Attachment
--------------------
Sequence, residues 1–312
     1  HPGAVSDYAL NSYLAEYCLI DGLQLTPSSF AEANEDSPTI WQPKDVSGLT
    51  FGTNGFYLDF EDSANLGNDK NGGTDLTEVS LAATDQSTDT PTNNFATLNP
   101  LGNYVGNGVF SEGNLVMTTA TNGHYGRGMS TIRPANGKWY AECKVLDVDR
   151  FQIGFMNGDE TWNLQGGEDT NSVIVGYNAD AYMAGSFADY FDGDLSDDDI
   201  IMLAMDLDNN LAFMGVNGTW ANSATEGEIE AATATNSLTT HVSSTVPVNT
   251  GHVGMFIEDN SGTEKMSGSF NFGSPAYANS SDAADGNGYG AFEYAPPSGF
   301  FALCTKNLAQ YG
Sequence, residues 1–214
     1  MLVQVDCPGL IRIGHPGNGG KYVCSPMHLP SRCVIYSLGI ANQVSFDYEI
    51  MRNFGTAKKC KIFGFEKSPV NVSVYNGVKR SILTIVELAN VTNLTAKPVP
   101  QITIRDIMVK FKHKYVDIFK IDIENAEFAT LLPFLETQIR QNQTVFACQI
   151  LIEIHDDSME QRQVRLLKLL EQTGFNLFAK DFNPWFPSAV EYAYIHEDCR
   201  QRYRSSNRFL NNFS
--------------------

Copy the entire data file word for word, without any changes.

Sequence, residues 1–312
     1  HPGAVSDYAL NSYLAEYCLI DGLQLTPSSF AEANEDSPTI WQPKDVSGLT
    51  FGTNGFYLDF EDSANLGNDK NGGTDLTEVS LAATDQSTDT PTNNFATLNP
   101  LGNYVGNGVF SEGNLVMTTA TNGHYGRGMS TIRPANGKWY AECKVLDVDR
   151  FQIGFMNGDE TWNLQGGEDT NSVIVGYNAD AYMAGSFADY FDGDLSDDDI
   201  IMLAMDLDNN LAFMGVNGTW ANSATEGEIE AATATNSLTT HVSSTVPVNT
   251  GHVGMFIEDN SGTEKMSGSF NFGSPAYANS SDAADGNGYG AFEYAPPSGF
   301  FALCTKNLAQ YG
Sequence, residues 1–214
     1  MLVQVDCPGL IRIGHPGNGG KYVCSPMHLP SRCVIYSLGI ANQVSFDYEI
    51  MRNFGTAKKC KIFGFEKSPV NVSVYNGVKR SILTIVELAN VTNLTAKPVP
   101  QITIRDIMVK FKHKYVDIFK IDIENAEFAT LLPFLETQIR QNQTVFACQI
   151  LIEIHDDSME QRQVRLLKLL EQTGFNLFAK DFNPWFPSAV EYAYIHEDCR
   201  QRYRSSNRFL NNFS